The Canadian Technician

World wide month end market review


In three simple charts we can get a feel for the global picture.

SPX Monthly 120111

Well, the SPX spent a month getting back to where it finished last month. All other global markets on the above chart finished in the lower half of the monthly Bollinger Bands (BB). The Asian markets - $HSI - Hang Seng, The $SSec - Shanghai, $NIKK - Japanese Nikkei all closed on the bottom of the BB. The TSX is well below the centre of the BB, but it managed to return to where October closed.

The $COMPQ - The Nasdaq - closed quite a bit lower than October but still closed in the top 1/2. Once again, Notice on these charts, how important the centre line is. It is a real dividing point. If you can get on the positive side, it drives the markets substantially higher. If you stay on the low side, it is usually difficult to make any headway.

The real Question here, is the US market strong enough to pull every other market back above their lines, or will the US market eventually succumb to global pressures and be pulled down.  The Fed intervention ensured a close above the centre line by acting on the 30th of the month.  Without it, all the global charts would have been below centre.

World Markets 120111

It is very interesting how well the markets have treated the $FTSE in London. They almost stayed positive, yet they have done some serious economic reform. Interesting how the financial markets have respected their aggressive deficit pursuit. India ($BSE) closed lower than October, and the lowest monthly close since 2010. The $KOSPI in Korea has been one of the strongest global markets. We can see it is under stress but holding up near the centre line along with the $FTSE.

SPX Weekly 120111

I just wanted to point out how there is a very important horizontal line on each and every market on the last chart. Look at how important this line has been. The Fed intervention managed to push the US markets back above their horizontal support / resistance line, but the rest of these markets remain below.


As we can see, the Fed intervention made a significant visual impact on the charts. On both the monthly and the weekly they were able to bring the November close to finish above the 'lines in the sands of time'.

It makes December remarkably important. Jobs data tomorrow. The ECB and Fed both have rate announcements. The Eurozone leaders will get together on Dec 9. The battle between the global bears and the US bulls is on. The data moves at the speed of the NHL. The Hang Seng moved 1000 points in response to the liquidity announcement on a market value around 18000. The number of moves in October and November that moved multiple standard deviations were remarkable. Canadian GDP had a negative number print a few months ago. If I heard correctly, it was 3.5% on the most recent announcement.  Inside 2 months!!!!!!! The US data was 2.5% for the 3rd quarter and was recently revised down to 2.0%  .   On an economy of 12 Trillion, that's a significant correction.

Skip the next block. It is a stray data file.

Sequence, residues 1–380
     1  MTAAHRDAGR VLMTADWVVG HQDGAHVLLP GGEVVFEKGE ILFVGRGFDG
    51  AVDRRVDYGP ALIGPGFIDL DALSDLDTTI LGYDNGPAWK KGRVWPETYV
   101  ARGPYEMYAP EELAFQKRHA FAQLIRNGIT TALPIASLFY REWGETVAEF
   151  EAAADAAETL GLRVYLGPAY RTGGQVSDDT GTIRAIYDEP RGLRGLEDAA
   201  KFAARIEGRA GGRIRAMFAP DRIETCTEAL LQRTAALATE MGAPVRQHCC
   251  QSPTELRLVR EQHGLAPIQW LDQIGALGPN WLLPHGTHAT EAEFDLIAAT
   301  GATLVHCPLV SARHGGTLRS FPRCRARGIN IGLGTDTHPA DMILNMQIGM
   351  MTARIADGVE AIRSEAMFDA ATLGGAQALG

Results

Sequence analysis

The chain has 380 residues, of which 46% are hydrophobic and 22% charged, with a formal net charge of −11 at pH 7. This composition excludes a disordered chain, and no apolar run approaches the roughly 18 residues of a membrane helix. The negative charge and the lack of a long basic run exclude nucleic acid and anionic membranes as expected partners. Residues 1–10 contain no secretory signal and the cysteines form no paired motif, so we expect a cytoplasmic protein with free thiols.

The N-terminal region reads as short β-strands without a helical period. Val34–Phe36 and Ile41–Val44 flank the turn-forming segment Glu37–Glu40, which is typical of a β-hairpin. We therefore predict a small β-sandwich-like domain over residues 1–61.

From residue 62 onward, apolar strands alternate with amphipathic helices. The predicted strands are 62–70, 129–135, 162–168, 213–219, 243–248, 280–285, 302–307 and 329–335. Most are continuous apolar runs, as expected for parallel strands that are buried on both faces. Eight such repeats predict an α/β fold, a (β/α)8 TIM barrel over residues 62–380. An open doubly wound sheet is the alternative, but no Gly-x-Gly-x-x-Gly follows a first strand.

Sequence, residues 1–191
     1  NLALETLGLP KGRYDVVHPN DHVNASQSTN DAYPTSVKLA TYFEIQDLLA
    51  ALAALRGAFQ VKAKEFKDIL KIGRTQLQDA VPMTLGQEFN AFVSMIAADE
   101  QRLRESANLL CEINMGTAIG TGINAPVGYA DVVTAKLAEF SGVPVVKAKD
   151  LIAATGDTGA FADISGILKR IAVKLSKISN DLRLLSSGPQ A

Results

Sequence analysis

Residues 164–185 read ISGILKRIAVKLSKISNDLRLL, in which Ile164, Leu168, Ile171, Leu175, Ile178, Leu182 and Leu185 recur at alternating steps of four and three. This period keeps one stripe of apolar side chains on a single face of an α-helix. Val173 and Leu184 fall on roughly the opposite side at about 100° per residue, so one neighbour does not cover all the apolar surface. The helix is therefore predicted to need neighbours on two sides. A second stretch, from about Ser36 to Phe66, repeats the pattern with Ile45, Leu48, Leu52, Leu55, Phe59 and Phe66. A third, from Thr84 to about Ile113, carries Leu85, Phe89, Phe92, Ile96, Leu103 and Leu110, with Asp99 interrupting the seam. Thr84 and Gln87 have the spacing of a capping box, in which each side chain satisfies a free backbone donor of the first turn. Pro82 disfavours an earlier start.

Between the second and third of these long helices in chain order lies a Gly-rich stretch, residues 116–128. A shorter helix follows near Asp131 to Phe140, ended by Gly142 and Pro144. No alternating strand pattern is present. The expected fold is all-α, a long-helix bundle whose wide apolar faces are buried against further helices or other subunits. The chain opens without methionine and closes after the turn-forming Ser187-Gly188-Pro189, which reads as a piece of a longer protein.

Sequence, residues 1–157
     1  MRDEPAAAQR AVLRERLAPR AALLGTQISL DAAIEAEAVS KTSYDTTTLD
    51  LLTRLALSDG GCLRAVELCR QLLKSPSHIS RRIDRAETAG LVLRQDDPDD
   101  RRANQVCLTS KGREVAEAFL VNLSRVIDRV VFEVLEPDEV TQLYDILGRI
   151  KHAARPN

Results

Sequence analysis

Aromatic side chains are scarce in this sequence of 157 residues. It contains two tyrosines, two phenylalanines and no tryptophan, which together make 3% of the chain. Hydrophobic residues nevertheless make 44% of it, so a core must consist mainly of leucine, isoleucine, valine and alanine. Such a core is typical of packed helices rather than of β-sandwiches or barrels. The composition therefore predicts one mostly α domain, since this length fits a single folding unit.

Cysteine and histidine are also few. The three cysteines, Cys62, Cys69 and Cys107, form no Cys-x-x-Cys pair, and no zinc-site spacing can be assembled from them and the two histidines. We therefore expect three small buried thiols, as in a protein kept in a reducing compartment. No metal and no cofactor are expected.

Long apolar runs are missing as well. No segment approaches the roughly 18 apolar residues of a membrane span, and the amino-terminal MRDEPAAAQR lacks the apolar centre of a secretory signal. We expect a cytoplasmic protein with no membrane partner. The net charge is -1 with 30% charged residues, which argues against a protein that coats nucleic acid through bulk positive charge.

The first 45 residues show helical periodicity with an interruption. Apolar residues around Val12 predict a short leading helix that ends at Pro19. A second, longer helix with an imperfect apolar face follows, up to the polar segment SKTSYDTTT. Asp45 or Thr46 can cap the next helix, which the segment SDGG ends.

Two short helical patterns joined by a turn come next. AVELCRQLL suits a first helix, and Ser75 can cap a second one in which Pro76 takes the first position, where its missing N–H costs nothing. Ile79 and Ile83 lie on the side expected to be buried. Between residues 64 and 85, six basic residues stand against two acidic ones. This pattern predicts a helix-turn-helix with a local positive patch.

The markets are remarkably aggressive here. With 2 premarket moves this week at 300 dow points and 400 points it does feel more like a casino. A trade moves 5% overnight twice in one week and treads water all day after the markets open. It doesn't really matter which direction, as they have been just as vicious heading down.

It almost makes the Vix feel irrelevant.

The follow up to the fed intervention is very perplexing. Quantitative Easing by the Fed is widely expected in December. This is inflationary for commodities, but the rest of the globe seems to be pulling back. So Higher or lower for Commodities? Inflation from the QE, or deflation from the global slowdown? Treasury Bonds with low yields leave little incentive to be in that market.  A conundrum for every investor.Dividends give you yield, but your capital gets slaughtered.

Every market in the world was affected byt the subprime mortgage which ballooned into a banking crisis. No one feels good about buying into a market while the Europeans appear to have insufficient resources to save all their banks. In this globally connected world, we are acutely aware of the linked relationships in global issues.

Everyone in Europe seems to be buying time. The Italian yields that investors required to entice them to purchase Italian debt, doubled in one month. That is expensive time.


Good Trading!



Greg Schnell, CMT


Greg Schnell
About the author: , CMT, is a Senior Technical Analyst at specializing in intermarket and commodities analysis. He is also the co-author of Stock Charts For Dummies (Wiley, 2018). Based in Calgary, Greg is a board member of the Canadian Society of Technical Analysts (CSTA) and the chairman of the CSTA Calgary chapter. He is an active member of both the CMT Association and the International Federation of Technical Analysts (IFTA). Learn More
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